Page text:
Outside of banking circles, the Rule-of-78′s is little understood, even though it is commonly applied to many consumer and business loans. For the borrower, it tends to have a pernicious effect in the nature of a hidden prepayment penalty. The borrower’s disadvantage is heightened by the fact that the operation of the Rule-of-78′s is often referred to as a "Rebate of the Finance Charge." Any consumer who heard the word "rebate" is always tempted to say, "Where do I sign?"

### Not so fast!

Here’s how it works: The name comes from the sum of the numbers one through 12, there being 12 months in a year. Yes, that adds to 78.

The theory of the Rule-of-78′s is that at the moment a borrower signs the Note, the borrower is immediately obligated to pay back all of the principal and ALL of the interest that will accrue in the future over the agreed term of the loan.

Now, if the borrower prepays, the lender "generously" forgives some of the interest EVEN THOUGH at the time for it to accrue has not yet elapsed and so that additional interest has not been earned. That’s the so-called "Rebate." Lenders argue that the uncertainty created about an early payoff entitles them to some compensation for being at the borrower’s whim for payoff. In a time of falling interest rates, that argument may have more merit than when interest rates are rising as the lender gets to put the money back to work at a higher rate and earn more.

In any event, the Rebate is calculated by summing the number of payments elapsed in inverse order as a numerator for the fraction in which the sum of the term is the denominator. That fraction times all interest over the life of the loan is the amount earned by the lender.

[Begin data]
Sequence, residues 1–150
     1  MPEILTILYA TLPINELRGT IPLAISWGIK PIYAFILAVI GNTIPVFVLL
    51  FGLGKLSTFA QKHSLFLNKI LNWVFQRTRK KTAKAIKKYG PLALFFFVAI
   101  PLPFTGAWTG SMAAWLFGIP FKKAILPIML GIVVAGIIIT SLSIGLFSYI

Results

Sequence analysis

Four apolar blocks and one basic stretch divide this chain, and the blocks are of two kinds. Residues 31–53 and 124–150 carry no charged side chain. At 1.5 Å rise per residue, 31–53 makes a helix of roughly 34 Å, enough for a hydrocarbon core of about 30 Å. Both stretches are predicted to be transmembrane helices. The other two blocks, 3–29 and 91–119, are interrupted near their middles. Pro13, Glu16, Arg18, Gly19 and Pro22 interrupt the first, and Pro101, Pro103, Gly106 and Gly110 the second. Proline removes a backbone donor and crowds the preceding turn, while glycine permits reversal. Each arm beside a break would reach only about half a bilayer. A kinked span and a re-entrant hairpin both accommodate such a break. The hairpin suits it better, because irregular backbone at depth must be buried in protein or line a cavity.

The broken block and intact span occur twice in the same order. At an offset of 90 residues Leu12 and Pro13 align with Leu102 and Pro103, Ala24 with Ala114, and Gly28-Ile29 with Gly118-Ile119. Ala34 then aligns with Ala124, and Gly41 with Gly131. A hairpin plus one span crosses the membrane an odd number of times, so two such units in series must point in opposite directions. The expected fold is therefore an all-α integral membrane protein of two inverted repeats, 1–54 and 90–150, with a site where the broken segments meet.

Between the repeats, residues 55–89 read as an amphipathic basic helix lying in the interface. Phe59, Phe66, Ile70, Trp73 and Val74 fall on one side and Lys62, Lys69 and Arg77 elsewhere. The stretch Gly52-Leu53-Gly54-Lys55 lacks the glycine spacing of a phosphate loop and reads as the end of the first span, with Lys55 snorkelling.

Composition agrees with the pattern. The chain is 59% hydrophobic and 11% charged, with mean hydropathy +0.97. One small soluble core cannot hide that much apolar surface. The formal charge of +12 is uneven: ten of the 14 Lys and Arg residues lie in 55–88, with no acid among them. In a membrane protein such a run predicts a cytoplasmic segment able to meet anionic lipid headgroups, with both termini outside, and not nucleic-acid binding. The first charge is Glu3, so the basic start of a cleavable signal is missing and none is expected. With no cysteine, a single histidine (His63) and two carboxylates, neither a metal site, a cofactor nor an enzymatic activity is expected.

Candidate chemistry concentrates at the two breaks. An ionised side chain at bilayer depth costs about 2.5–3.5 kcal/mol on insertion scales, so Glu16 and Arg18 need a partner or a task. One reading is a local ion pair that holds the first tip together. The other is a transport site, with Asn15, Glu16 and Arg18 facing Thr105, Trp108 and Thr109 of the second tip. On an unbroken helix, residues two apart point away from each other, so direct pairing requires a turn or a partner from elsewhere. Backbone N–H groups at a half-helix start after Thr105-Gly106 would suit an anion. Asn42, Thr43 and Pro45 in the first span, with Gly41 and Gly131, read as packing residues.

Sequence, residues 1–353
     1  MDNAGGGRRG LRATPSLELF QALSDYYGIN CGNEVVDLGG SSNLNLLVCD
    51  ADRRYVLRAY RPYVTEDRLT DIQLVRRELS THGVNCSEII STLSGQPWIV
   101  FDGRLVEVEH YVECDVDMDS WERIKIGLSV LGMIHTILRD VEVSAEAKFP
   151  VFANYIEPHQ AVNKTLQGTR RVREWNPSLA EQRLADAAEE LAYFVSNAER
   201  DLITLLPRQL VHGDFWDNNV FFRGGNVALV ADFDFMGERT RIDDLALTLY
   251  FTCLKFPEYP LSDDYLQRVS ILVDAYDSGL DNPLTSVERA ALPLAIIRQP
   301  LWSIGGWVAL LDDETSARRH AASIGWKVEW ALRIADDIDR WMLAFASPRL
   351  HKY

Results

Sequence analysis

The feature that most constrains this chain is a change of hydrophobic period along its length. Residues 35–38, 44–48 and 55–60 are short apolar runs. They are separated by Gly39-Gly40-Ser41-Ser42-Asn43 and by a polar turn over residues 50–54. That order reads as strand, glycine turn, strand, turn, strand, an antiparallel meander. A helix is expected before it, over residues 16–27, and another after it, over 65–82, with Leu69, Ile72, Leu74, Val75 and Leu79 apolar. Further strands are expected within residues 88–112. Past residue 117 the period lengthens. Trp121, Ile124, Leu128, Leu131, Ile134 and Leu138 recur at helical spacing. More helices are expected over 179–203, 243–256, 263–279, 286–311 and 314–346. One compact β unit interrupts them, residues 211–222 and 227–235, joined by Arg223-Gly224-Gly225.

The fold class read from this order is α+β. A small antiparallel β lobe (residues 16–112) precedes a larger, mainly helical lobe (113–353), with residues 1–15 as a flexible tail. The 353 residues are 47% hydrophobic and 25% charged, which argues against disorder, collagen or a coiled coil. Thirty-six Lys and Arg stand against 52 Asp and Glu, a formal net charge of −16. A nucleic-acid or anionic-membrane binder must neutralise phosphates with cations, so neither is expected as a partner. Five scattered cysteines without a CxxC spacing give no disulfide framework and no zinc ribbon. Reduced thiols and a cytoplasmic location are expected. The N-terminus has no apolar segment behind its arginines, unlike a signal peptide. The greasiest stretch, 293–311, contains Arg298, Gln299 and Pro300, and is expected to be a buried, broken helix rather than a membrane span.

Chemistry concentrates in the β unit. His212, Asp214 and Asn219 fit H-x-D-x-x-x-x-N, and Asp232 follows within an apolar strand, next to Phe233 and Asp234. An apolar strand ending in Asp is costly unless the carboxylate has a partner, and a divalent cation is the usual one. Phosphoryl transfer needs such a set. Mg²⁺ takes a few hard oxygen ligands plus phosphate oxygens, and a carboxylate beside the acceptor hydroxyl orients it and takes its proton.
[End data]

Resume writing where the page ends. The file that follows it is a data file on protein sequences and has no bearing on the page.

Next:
### Watch this example:

Assume a two-year loan (so we’ll assume the numbers 1 through 24) for $10,000 with interest at 12% per year. Using our online amortization schedule calculator, we know the monthly payment is $470.73. The amortization schedule’s "Running Totals" also tells us that over the life of the loan the total amount of aggregate interest to be paid would be $1,297.56 (when the "1st payment date" is one month after the "loan date").

After the fourth month, our borrower reaps a windfall and wants to prepay the whole loan. The fraction of the total interest earned by the lender is:

(Sum 24 to 21) over (Sum 1 through Sum 24)

90/300 = 30%

Now, let’s compare that to the interest actually paid to date to see what the penalty will be. From running the "Loan Table" module, we found the total interest to be $1,297.65 and the interest paid after four payments is $377.61, so the penalty is:

Earned Interest Per Rule: (30%) ($1,297.65) = $389.30

Interest Paid to Payoff: $377.61

Additional Interest Owed: $11.69

Maybe that doesn’t look like too big a number, but it’s an additional 3.1% interest. Had this been a $100,000 loan, the increased penalty works out to ten times as much, $116.84.

Paying off at different times for different maturities and different interest rates produces differing penalty sizes. Two general rules of thumb can be deduced:

1. The higher the interest rate, the greater the penalty amount.

2. The earlier the prepayment in relation to the term, the greater the penalty amount.

So if you’re a lender, you should love using the Rule-of-78′s. If you’re a borrower, you should try to avoid it. A caution for lenders: Some states have usury and other laws that may limit use of the Rule-of-78′s.

©, Morris A. Nunes. All rights reserved.

**NOTE:**

a) This paper may be freely published provided that the above copyright notice is attached along with the appropriate byline. Portions may be quoted for illustration purposes.

b) Contact Mr. Nunes

## KENNETH T EMBRY says:

I have read that the Rule of 78s has been outlawed for loan terms in excess of 61 months…

What rule or regulation outlawed such practicces?

## Karl says:

Sorry, but I have no idea. I don’t even know if that’s accurate.